He brought law and order, yet was reluctant to use the death penalty. Contemporary reports comment that the Punjab had become a safe place for travel and for trade. One writer observed:

This part of the Punjab, as well as every other part of it, where the rajah's influence and authority exists, is under good police, and the country perfectly sage for travellers; capital crimes and robberies seldom occuring ... [5].

He is said to have abolished capital punishment, although the above account refers to him hanging offenders.

The Kōh-i Nūr Diamond

This famous diamond, now incorporatd into the British Crown Jewels, had been in the possession of the Moghul Emperors until it became the property of the kings of Afghanistan. In 1830, the deposed King, Shah Shuja, fled to Lahore, where he presented the diamond to Ranjit. Ranjit then used the diamond to negotiate British help in restoring Shuja to power, apparently offering to cede the diamond to Victoria of the United kingdom on his death. However, on his death bed, he offered the diamond to a famous Hindu temple. This resulted in a dispute over ownership. When the British annexed the Punjab, they claimed the diamond on the basis that Ranjit had bequethed it to them. It became part of the Crown Jewels. Ownership is still contested. India, Pakistan, and Iran have all laid a claim, requesting Britain to relinquish the jewel.


A British visitor to Lahore, writing in 1808, described Ranjit as:

rather below the middle stature, and of very affable and unaffected manners, active, and fond of exercise of horseback, which he takes early every morning. He is considered brave and clever in the field, quick in his conceptions and possesses a good natural understanding...[6]

Ranjit was renowned for his fondness of guns.


He stopped Indian non-secular style practises by treating Hindus and Muslims equally. He banned the discriminatory "jizya" tax on Hindus and Sikhs. Given that Sikhs had been persecuted by Muslim rulers, it is a measure of Ranjit's character that he did not recipricate by discriminating against Muslims. Instead, he practiced what Sikhs' preach, religious tolerance since God does not look at the label people wear but at their deed and into the innermost depths of their hearts.

The majority of Ranjit Singh's subjects were Muslim and had an intense loyalty towards him and his Sikhs. This was once highlighted when the foreign minister of the Sikh Empire, a Muslim named Fakir Azizuddin, had a meeting with the British Governor-General. When Lord Auckland asked Fakir Azizuddin which of the Maharaja's eye was missing, he replied: "the Maharaja is like the sun and sun has only one eye. The splendour and luminosity of his single eye is so much that I have never dared to look at his other eye." The Governor General was so pleased with the reply that he gave his golden wrist-watch to the Maharaja's Minister at Simla.[7]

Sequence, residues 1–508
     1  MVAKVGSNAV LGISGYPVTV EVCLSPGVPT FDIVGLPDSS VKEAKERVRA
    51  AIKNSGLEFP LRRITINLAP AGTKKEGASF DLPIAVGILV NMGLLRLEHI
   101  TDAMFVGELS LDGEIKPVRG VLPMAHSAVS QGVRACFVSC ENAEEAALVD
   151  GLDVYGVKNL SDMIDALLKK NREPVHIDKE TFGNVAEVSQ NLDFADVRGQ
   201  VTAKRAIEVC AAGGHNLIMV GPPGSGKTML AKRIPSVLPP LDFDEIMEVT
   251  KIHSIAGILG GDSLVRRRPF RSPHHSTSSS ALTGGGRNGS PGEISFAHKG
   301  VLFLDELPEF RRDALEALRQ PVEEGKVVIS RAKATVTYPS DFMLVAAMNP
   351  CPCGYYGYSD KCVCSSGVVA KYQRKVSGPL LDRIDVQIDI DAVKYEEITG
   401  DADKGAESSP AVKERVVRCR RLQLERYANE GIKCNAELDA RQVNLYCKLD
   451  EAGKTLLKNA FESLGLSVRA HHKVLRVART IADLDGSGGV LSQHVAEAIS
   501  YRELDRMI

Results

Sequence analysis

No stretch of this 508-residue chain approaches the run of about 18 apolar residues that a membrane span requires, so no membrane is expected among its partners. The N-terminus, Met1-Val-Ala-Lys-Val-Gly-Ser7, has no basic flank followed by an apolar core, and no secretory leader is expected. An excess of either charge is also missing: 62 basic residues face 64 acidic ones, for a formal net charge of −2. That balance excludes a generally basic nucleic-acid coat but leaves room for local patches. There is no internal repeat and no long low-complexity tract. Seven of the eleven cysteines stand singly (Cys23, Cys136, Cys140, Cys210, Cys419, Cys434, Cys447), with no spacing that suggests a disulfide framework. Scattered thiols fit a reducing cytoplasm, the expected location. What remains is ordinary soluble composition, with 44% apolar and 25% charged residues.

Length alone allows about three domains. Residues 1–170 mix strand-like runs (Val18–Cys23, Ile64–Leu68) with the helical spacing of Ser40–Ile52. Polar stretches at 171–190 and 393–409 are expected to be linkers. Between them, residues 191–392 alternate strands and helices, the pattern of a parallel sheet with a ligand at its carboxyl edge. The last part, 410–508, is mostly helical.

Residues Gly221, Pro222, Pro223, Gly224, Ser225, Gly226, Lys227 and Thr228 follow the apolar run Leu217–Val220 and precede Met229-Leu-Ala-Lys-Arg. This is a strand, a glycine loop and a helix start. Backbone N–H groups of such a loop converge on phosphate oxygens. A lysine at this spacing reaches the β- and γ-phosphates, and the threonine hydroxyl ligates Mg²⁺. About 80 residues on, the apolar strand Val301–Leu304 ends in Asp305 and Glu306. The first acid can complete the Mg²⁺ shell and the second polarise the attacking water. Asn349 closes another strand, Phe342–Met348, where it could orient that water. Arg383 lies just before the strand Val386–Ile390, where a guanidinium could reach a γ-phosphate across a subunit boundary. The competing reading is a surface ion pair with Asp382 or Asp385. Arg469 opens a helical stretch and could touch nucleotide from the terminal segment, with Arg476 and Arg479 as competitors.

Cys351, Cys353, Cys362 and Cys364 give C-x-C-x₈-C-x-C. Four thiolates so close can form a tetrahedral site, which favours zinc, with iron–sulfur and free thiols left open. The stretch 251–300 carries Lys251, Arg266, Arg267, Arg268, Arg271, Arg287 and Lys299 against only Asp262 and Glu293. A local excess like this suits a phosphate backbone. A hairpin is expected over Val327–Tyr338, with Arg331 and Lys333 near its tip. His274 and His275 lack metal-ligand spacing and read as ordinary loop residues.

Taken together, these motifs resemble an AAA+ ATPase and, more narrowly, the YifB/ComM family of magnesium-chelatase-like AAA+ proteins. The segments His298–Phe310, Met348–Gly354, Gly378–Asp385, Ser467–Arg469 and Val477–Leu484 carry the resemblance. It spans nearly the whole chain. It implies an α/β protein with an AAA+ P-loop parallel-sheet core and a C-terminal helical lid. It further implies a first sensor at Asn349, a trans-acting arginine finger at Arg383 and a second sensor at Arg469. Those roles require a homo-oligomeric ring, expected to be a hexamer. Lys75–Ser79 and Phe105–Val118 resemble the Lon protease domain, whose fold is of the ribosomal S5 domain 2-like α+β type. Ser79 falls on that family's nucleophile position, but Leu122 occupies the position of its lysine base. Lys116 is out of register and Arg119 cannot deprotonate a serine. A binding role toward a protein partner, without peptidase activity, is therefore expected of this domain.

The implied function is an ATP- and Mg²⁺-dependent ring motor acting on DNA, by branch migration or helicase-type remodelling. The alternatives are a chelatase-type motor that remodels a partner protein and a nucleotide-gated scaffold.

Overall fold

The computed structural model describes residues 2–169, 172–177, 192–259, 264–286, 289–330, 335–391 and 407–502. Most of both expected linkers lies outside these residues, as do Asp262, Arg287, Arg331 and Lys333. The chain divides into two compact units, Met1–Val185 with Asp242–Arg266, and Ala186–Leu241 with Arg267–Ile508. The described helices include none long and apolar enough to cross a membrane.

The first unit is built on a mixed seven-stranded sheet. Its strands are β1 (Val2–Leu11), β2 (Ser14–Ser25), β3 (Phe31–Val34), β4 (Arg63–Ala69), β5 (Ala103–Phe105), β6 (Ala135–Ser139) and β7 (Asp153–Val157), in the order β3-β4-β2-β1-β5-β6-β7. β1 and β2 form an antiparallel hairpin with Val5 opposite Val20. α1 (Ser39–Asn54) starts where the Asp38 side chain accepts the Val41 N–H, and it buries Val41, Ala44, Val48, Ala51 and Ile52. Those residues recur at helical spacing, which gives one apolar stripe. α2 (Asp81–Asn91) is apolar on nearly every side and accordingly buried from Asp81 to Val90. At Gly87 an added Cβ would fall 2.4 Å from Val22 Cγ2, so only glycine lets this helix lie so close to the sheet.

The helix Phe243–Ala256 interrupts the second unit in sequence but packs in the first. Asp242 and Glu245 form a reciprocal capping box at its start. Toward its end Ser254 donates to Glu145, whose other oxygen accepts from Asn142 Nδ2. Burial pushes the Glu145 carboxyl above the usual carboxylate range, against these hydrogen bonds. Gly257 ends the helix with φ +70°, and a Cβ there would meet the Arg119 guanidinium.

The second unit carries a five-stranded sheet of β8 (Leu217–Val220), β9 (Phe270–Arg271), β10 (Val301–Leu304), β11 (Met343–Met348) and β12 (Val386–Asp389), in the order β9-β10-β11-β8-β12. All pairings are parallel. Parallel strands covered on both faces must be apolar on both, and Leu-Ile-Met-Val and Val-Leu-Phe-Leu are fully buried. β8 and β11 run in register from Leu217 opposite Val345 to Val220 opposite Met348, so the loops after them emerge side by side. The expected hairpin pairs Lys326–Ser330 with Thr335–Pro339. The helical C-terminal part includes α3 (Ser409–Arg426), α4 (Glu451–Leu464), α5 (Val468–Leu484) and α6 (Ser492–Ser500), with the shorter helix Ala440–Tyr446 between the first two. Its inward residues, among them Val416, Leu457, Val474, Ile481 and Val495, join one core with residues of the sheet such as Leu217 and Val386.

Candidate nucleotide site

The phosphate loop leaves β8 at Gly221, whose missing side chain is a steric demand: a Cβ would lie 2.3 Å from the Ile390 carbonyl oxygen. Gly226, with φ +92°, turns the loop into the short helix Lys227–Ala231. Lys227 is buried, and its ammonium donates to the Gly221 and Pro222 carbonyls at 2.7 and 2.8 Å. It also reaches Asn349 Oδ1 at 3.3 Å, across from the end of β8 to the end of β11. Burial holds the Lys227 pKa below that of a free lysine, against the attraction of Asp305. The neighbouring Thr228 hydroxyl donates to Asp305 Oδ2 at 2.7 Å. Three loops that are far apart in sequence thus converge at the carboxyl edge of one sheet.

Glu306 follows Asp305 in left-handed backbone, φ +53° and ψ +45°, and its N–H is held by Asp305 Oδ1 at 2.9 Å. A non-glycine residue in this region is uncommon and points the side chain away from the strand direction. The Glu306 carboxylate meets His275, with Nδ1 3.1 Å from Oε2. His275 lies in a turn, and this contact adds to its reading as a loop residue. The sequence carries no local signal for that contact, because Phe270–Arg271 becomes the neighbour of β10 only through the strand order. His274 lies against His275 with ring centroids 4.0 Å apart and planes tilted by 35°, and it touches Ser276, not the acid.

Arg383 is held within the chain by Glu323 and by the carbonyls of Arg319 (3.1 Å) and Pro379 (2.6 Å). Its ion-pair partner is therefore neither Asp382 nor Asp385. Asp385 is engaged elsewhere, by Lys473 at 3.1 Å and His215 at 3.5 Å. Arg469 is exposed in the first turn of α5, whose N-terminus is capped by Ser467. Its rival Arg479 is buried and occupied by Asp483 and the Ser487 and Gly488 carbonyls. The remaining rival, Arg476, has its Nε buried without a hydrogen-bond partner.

His Empire was effectively secular as it did not discriminate against Sikhs, Muslims, Hindus, or even atheists. It was relatively modern and had great respect for all religions and non-religious traditions of the Empire. The only main prominent religious symbols of the empire were the Maharaja and royal family being Sikh (but not Khalsa) and the Army being dominated by Sikh nobles and the Khalsa. The Maharaja never forced Sikhism on his subjects. This was in sharp contrast with the ethnic and religious cleansing of past Moghul rulers. Ranjit Singh had created a state based upon Sikh noble traditions, where everyone worked together, regardless of background, and where citizens were made to look at the things that they shared in common (e.g. being Punjabi, rather than any religious differences).

At Lahore, he established the first printing press to use the Gurmukhi script. He encoraged trade and commerce.


Ranjit Singh died in 1839. Rulership of the state went to his eldest son Kharak Singh. Most historians believe competent political heirs would have forged a highly durable, independent and powerful state, as Ranjit Singh had done during his rule. However, the Kingdom began to crumble due to poor governance and political mismanagement by his heirs. His successors died through accidents and murder, while the nobility and army struggled for power.